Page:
10,000 miles

Digiboat's "Product Testing"
Simon Blundell
Sun 1 Dec 2013 08:35
36:17.61S 074:32.65E

0742z 01/12

We've sailed out of the Roaring Forties wind stream in the last day or
two as our course is now sloping us more to the N. Our dream run of
210-220 miles run each day has ending, hopefully only temporarily though
as we cross over the mid ocean high and get to the SW wind squeeze up
the W Aust coast. The current is still pushing us and the seas are still
ridiculously calm which is helping our progress. Mostly motoring since
yesterday morning with an opportunity every few hours for motor-sailing
which doesn't generally add speed but does make the ride more
comfortable removing or dampening the rolling motion. GRIB forecasts
show we should be into a decent reaching wind by tomorrow night and
possibly earlier.

HAL has returned to keep us on our toes and shorten our afternoon
cocktail hours to just the more appropriate sunset hour session. The
genset had a runaway - extremely high revs and massive billows of
exhaust smoke - which points to an injector pump problem which is one of
the few items on a diesel engine that is beyond our ability to fix or
service. After an emergency shutdown, then many engine room hours
cleaning aand flushing the fuel system the first restart attempt was
looking promising for 2 hours before the runaway occured again. Another
engine room day and stripping off the entire fuel system - all but the
injectors and injector pump and servicing and cleaning it all including
devising a method to manually flush the injector pump, then reassembly
and firts test late yesterday the genny ran perfectly for 5 hours and
has been cautiously declared HAL-free.

It started looking like water rationing was to be re-introduced (we had
this for a week or two on the Atlantic leg) as without a working genset
we can't run the watermaker. So between engine room sessions Luc and I
did some hot wiring (yes - back to spending some quality lazarette time
between engine room stints) to run the watermaker from the inverters,
which created all types of HAL'esque behaviours throughout the boat.
After servicing the watermaker's feed and high pressure pumps and
declaring them fine, but now cleaner and better lubricated, it was
discovered that the inverters output only 180 Volts (rather than the
expected 220/240). I guess the missing 40-60 volts is running HAL? As
the telly, kettle and microwave have all been working this voltage loss
hasn't previously been discovered, although it does account for the
poroblems we've been having with the washing machine spin cycle. A day
wasted on this diversion in the lazarette, albiet a good bonding
experience for me and Lu in the dark cramped space bouncing off the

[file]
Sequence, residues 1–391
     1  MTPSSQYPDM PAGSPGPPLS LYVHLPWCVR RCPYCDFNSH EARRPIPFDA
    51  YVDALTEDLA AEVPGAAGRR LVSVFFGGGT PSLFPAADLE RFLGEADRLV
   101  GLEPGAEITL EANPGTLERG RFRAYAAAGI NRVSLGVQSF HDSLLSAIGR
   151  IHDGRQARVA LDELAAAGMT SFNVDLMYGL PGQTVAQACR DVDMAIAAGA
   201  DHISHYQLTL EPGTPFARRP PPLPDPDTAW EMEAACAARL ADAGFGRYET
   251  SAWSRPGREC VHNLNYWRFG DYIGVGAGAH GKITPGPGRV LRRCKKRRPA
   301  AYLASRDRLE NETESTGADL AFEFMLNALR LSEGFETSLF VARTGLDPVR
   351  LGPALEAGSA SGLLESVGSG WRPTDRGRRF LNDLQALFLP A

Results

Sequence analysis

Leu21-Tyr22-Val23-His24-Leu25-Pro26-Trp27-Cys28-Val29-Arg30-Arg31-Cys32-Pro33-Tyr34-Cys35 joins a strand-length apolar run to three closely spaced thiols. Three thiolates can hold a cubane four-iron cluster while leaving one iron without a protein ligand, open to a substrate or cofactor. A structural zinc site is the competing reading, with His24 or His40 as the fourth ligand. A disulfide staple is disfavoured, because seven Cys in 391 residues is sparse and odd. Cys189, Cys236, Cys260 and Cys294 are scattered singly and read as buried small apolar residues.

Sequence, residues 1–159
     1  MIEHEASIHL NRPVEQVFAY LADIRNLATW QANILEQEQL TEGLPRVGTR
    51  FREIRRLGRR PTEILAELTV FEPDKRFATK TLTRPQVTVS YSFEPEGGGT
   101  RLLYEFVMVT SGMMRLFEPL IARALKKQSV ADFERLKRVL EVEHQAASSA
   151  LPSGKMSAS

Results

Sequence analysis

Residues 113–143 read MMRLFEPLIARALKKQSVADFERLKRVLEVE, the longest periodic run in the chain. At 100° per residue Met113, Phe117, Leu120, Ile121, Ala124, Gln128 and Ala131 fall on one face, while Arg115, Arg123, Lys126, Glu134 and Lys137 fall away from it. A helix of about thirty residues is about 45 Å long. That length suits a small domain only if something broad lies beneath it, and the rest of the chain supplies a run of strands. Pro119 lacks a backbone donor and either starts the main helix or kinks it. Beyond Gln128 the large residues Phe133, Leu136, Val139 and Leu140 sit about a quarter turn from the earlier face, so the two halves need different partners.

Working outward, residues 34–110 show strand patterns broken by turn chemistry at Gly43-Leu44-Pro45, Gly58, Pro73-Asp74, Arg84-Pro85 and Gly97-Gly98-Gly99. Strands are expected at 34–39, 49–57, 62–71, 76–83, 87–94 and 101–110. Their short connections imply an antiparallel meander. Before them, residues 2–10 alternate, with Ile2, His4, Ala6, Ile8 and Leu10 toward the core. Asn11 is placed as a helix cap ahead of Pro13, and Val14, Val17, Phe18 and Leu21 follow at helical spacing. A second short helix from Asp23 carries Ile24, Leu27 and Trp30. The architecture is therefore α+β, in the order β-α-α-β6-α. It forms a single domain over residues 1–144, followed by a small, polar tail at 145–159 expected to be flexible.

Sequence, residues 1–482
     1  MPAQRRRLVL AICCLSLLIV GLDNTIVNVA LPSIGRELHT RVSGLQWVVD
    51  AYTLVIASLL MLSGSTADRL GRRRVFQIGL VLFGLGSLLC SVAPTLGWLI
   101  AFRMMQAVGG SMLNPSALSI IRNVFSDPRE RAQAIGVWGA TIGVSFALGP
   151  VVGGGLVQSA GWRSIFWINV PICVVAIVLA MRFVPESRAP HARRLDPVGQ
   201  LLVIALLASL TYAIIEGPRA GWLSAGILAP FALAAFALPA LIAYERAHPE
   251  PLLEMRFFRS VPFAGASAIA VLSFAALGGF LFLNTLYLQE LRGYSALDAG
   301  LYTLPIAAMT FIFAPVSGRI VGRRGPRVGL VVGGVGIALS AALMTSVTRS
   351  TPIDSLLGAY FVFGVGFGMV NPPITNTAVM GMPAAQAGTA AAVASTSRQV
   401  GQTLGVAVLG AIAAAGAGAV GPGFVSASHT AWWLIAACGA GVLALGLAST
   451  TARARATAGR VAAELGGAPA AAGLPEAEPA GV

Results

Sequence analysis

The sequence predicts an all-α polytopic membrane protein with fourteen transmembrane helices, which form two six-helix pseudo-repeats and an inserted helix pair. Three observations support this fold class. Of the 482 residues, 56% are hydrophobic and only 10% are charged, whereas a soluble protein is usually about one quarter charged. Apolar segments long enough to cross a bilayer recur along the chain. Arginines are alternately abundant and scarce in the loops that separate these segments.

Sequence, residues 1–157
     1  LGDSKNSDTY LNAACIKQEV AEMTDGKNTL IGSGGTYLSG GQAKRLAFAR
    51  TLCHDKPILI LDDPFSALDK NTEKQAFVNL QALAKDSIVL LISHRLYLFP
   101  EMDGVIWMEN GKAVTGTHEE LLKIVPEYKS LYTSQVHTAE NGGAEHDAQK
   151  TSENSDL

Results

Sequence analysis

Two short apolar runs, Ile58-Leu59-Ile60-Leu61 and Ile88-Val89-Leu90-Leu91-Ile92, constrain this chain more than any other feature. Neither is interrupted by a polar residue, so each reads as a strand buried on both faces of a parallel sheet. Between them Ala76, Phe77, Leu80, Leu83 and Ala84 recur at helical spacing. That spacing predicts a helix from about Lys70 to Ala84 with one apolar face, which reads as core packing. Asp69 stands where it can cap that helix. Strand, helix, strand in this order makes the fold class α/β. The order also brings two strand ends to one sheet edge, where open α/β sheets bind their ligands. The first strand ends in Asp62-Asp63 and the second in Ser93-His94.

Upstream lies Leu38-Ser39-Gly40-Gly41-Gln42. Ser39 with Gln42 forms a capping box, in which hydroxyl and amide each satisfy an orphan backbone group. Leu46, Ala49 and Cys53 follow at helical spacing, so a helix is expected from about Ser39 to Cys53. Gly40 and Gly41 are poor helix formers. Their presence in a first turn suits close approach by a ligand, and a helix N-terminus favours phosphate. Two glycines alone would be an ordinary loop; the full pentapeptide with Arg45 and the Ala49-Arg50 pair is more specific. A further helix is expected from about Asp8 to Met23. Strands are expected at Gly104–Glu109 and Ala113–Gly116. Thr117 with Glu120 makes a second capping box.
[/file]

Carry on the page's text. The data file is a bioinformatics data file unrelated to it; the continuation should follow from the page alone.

walls, steering gear, scuba compressor and each other for a few hours,
until we conceded to HAL on this option and returned to the generator

Ultimately we got the genny running, rewired the watermaker to it and
had 6 hrs of trouble free running of both the gen and watermaker. So
with an extra half ton of fresh water on board, and 5 hours of power to
the hot water heater I enjoyed a long hot de-dieseling shower - my first
hot shower for this leg.

Galley antics continue with Ryan now throuwing himself firmly into the
firing line as takes the mantle of Head Baker. His dubious start earlier
in the leg when he made the shot-put loaf still in mind (it actually
sunk when we tossed it overboard) meant he was under very critical
scrutiny by Kay the Head Chef and Robbo the reluctant and sulking
su-chef. To all of our surprise, but mostly to Ryan's, the loaf was
spectacular and rose so much it virtually lifted the lid off the bread
maker. Now 3 or 4 loaf's later the standard has been upped each time and
his bread is so good as to be beyond description (and this truely is not
just because we're 3000 miles from the nearest shop). Anyway you can all
taste his bread at his Bakery he'll be opening in Rozelle when he gets
back (it'll be alongside his ship building business, which'll be next
door to his fitness gym upstairs from his delicatessan).

Now that Kay's bread duties have been revoked perhaps she can learn how
to adapt to sailing in straight lines between destinations rather than
sailing just in circles. Left unsupervised in the cockpit while the
Captain and 1st Mate where playing engine room and lazarette games she
is developing a habit of going in circles. No attempt to cover this up
is possible as a zoom into our track on the chart shows her Victory Laps
quite clearly as prima facie evidence. The Crazy Ivan is always a random
regular on a yacht, Kay is developing this into her own trademark and
enhancing it into the full circle version (could possibly be coined the
Crazy Cottee?). Anyway we keep telling her this trip is not about
sailing in a circle.

10,000 miles has been swept under our hull for the three of us remaining
onboard since Burriana in Spain (seemingly all those years ago....).
I've been playing this game for a while now, but for Robbo and Ryan on
their first ever ocean outing it is a huge achievement and one matched
by only a fairly small handfull of non-professional sailors world wide.
Equivalent to about 16 Hobarts! I'll easily confess (but not directly to
them!) that every mile sailed with them has been a pleasure...